How to reduce the CMM programming bottleneck

Jan. 23, 2009
New software packages offer alternatives to wai ting for inspection

“When we get a new part order we start programming for our CMM inspection at the same time we start programming for our CNC machines,” Jeff Lage said. Lage is vicepresident of B&B Manufacturing in Valencia, Calif. B&B is one of American Machinist’s 10 Best Shops for 2008.

“It is not unusual for us to complete the CNC programming, machine parts, then have them sit in inspection waiting for the CMM program to be completed,” Lage added.

The shop consistently works at improving its operations. It uses some of the latest equipment, and it has competent, experienced Coordinate Measuring Machine (CMM) programmers.

Yet, like many other shops, it hits a production bottleneck in inspection. The primary reason for that bottleneck is not limitations of the CMMs, nor is it limitations of the programmers. The bottleneck is the direct result of the limitations of the software tools its programmers use.

Coordinate Measuring Machines are used in manufacturing to test a part or assembly against the original design of that part or assembly and to develop a report to show how successful the part or assembly is in meeting the original design intent.

Some CMMs use probes to touch predetermined spots on a part that is being measured, and record the X, Y and Z coordinates at that point for use later to determine the size and position of various features on the part. Other probes can be dragged along the surface of a part to take measurements at specified intervals.

The latest development in CMM inspection involves the use of laser beams that are projected on the surface of the part to record thousands of points of reference.

In addition to the CMM there usually is a personal computer attached with software that drives the machine and enables a user to create a program to tell the machine exactly what to test and how to do it.

That is where the bottleneck begins.

Developers of the Computer Aided Manufacturing (CAM) software that is used to program CNC machines spend much of their time and money in creating user-friendly, feature-rich human interfaces for their software because that is what is needed to stay competitive.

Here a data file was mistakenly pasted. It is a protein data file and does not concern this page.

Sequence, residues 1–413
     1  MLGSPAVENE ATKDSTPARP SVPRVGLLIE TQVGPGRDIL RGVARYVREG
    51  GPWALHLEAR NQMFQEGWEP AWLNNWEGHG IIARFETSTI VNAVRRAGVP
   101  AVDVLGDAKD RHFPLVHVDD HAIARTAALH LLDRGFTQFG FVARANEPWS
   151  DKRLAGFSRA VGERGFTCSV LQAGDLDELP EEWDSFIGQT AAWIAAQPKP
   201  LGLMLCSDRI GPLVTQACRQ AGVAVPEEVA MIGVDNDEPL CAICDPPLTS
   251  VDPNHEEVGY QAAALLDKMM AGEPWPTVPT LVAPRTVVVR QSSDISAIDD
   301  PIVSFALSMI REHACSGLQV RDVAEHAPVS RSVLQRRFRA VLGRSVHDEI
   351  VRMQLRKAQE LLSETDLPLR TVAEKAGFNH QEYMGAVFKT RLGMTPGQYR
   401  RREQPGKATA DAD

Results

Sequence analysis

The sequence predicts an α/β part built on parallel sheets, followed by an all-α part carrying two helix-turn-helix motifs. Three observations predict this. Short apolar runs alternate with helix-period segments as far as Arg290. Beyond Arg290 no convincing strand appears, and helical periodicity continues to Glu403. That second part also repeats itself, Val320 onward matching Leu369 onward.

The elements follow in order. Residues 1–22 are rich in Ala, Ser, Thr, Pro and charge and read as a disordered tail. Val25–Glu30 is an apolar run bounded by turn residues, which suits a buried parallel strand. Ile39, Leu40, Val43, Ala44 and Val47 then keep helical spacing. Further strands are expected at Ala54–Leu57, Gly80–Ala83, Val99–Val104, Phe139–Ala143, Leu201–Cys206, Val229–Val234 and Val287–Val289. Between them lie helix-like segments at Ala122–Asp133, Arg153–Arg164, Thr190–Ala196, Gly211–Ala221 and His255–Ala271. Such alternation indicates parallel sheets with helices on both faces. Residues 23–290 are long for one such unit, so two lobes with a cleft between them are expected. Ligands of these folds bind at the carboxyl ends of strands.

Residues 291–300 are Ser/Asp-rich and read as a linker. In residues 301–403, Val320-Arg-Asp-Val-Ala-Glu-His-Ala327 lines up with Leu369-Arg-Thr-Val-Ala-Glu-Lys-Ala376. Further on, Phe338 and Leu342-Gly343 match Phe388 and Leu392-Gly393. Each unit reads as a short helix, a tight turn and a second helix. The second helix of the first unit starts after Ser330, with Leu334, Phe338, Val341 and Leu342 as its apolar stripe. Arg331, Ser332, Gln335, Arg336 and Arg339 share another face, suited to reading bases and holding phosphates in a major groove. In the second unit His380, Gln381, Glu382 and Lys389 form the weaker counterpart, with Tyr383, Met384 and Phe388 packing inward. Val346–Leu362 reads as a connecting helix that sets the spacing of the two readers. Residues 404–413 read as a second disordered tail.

CMM manufacturers spend much of their development time and money creating better machines. CMM manufacturers see the creation of software to program and drive their machines as necessary, but it is not their primary focus.

The result is that the human interfaces of the software supplied by CMM manufacturers are not as user-friendly or as feature rich as the interfaces made available on CAM software programs.

Programming a CMM using only the software supplied by the manufacturer is far more tedious and time consuming than programming a CNC with any of the current CAM packages. In fact, it frequently is similar to programming a CNC machine by writing one line of G-code at a time.

In response to the need for a better, easier way to develop programs for CMMs, several software development companies have created packages that attempt to bring the user-friendly, feature rich qualities of a CAM package to the task of programming CMMs.

PAS CMM showing the result of feature extraction and inputting inspection parameters.
Inputting dimension and positioning data for each feature to be inspected.
Probes location
Probe motion optimization to reduce actual inspection time.
CMM machine simulation

One such company is Hexagon Metrology with its PC-DMIS suite of software modules.

Another is Siemens PLM Software which offers stand-alone packages in addition to CMM programming capability integrated into its NX CAM software suite.

A third supplier is Delcam PLC with its PowerINSPECT software.

And the latest, and perhaps most interesting entry into the CMM programming market is PAS Technology and its PAS CMM package.

All of these software packages are designed to provide improvements in programming a CMM. However, trying to determine which offers the most productivity improvement potential for any given shop is more difficult than determining which CAM package is the best solution.

All of the CAM packages on the market use the Automatically Programmed Tool (APT) computer language that commonly is known as G-code. That is the reason that it is possible to use any of the packages to run any of today’s CNC machines by feeding the generated G-code through a post processor tailored to each machine to get the machine commands unique to each machine.

In CMM programming, there is no one common language similar to APT, and there are at least two languages that are incompatible with each other.

One is DMIS (Dimensional Measuring Interface Standard) and the other is CALYPSO.

Most Zeiss CMMs are equipped with controllers that use CALYPSO while CMMs made by other companies use some form of DMIS. Software developers who aim to improve CMM programmer productivity also focus on generating and using DMIS code.

A consortium of companies led by Deere & Co. was formed to try to convince all CMM manufacturers to certify that the version of DMIS that they use meets the current DMIS standard. Until that consortium is successful, there is no guarantee that any randomly chosen package could be used to generate code that will run on all of the CMMs in a shop. Even if that happens, shops that use Zeiss CMMs would have to use a DMIS-driven controller to take advantage of available software productivity tools.

In addition to language incompatibility, there is no current standard for the electronic capture and transmission of the most important information needed for inspection — the geometric dimensioning and tolerance (GDT) data that is used to describe the nominal geometry and allowable variations.